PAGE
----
rpcgen(1)                   General Commands Manual                  rpcgen(1)

       rpcgen - an RPC protocol compiler

       rpcgen infile
       rpcgen [-Dname[=value]] [-T] [-K secs] infile
       rpcgen -c|-h|-l|-m|-M|-t [-o outfile ] infile
       rpcgen [-I] -s nettype [-o outfile] infile
       rpcgen -n netid [-o outfile] infile

       rpcgen  is  a  tool that generates C code to implement an RPC protocol.
       The input to rpcgen is a language similar to C known  as  RPC  Language
       (Remote Procedure Call Language).

       rpcgen  is  normally  used  as  in the first synopsis where it takes an
       input file and generates up to four output files.   If  the  infile  is
       named  proto.x, then rpcgen will generate a header file in proto.h, XDR
       routines in proto_xdr.c, server-side stubs in proto_svc.c, and  client-
       side  stubs in proto_clnt.c.  With the -T option, it will also generate
       the RPC dispatch table in proto_tbl.i.  With the -Sc  option,  it  will
       also  generate sample code which would illustrate how to use the remote
       procedures  on  the  client  side.   This  code  would  be  created  in
       proto_client.c.   With  the  -Ss option, it will also generate a sample
       server code which would illustrate how to write the remote  procedures.
       This code would be created in proto_server.c.

       The  server created can be started both by the port monitors (for exam-
       ple, inetd or listen) or by itself.  When it is started by a port moni-
       tor,  it  creates  servers  only  for  the transport for which the file
       descriptor 0 was passed.  The name of the transport must  be  specified
       by setting up the environmental variable PM_TRANSPORT.  When the server
       generated by rpcgen is executed, it creates server handles for all  the
       transports  specified  in  NETPATH  environment  variable,  or if it is
       unset, it creates server handles for all the  visible  transports  from
       /etc/netconfig  file.   Note: the transports are chosen at run time and
       not at compile time.

       When built for a port monitor (rpcgen -I), and that the server is self-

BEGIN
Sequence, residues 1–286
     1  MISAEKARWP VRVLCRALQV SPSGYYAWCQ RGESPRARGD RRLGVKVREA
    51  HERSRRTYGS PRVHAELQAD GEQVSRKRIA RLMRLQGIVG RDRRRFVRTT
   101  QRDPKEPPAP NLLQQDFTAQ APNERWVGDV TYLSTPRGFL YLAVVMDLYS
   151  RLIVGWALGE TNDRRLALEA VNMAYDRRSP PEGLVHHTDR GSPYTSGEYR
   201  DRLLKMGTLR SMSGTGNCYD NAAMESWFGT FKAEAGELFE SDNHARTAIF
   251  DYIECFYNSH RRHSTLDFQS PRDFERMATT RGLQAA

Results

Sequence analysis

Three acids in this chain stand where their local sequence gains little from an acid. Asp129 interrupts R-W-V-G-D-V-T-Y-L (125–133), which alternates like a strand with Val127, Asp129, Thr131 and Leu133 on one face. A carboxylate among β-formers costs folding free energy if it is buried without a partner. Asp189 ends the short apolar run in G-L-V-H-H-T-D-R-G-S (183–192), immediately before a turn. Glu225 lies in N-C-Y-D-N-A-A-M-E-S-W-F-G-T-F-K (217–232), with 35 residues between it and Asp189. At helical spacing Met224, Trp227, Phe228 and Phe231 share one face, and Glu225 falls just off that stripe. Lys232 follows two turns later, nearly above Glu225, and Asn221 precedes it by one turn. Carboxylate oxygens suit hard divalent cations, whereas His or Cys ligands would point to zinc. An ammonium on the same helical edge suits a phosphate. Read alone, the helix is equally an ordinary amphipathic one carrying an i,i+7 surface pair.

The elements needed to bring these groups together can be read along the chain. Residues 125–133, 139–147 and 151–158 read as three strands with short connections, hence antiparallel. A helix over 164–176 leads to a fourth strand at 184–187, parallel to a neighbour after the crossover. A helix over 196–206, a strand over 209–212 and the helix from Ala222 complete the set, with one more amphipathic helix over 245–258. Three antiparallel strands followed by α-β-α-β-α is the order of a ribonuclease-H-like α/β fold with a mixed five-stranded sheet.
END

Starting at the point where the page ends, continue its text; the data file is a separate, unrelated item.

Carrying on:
started,  it  backgrounds  itself  by default.  A special define symbol
       RPC_SVC_FG can be used to run the server process in foreground.

       The second synopsis provides special features which allow for the  cre-
       ation  of  more sophisticated RPC servers.  These features include sup-
       port for user provided #defines and RPC dispatch tables.   The  entries
       in the RPC dispatch table contain:
              o  pointers  to the service routine corresponding to that proce-
              o  a pointer to the input and output arguments
              o  the size of these routines
       A server can use the dispatch table to check authorization and then  to
       execute  the  service routine; a client library may use it to deal with
       the details of storage management and XDR data conversion.

       The other three synopses shown above are used when one does not want to
       generate  all  the output files, but only a particular one.  Some exam-
       ples of their usage is described in the EXAMPLE  section  below.   When
       rpcgen is executed with the -s option, it creates servers for that par-
       ticular class of transports.  When executed with the -n option, it cre-
       ates  a  server for the transport specified by netid.  If infile is not
       specified, rpcgen accepts the standard input.

       The C preprocessor, cc -E [see cc(1)], is run on the input file  before
       it  is  actually  interpreted by rpcgen.  For each type of output file,
       rpcgen defines a special preprocessor symbol for use by the rpcgen pro-

       RPC_HDR     defined when compiling into header files
       RPC_XDR     defined when compiling into XDR routines
       RPC_SVC     defined when compiling into server-side stubs
       RPC_CLNT    defined when compiling into client-side stubs
       RPC_TBL     defined when compiling into RPC dispatch tables

       Any  line  beginning  with `%' is passed directly into the output file,
       uninterpreted by rpcgen.

       For every data type referred to in infile, rpcgen  assumes  that  there
       exists a routine with the string xdr_ prepended to the name of the data
       type.  If this routine does not exist in the RPC/XDR library,  it  must
       be  provided.  Providing an undefined data type allows customization of
       XDR routines.

       The following options are available:

       -a     Generate all the files including  sample  code  for  client  and
              server side.

       -b     This  generates  code  for the SunOS4.1 style of rpc.  It is for
              backward compatibility.  This is the default.

       -5     This generates code for the SysVr4 style of rpc.  It is used  by
              the  Transport  Independent  RPC  that  is  in Svr4 systems.  By
              default rpcgen generates code for SunOS4.1 stype of rpc.

       -c     Compile into XDR routines.

       -C     Generate code in ANSI C.  This option also generates  code  that
              could be compiled with the C++ compiler.  This is the default.

       -k     Generate code in K&R C.  The default is ANSI C.

              Define  a  symbol  name.  Equivalent to the #define directive in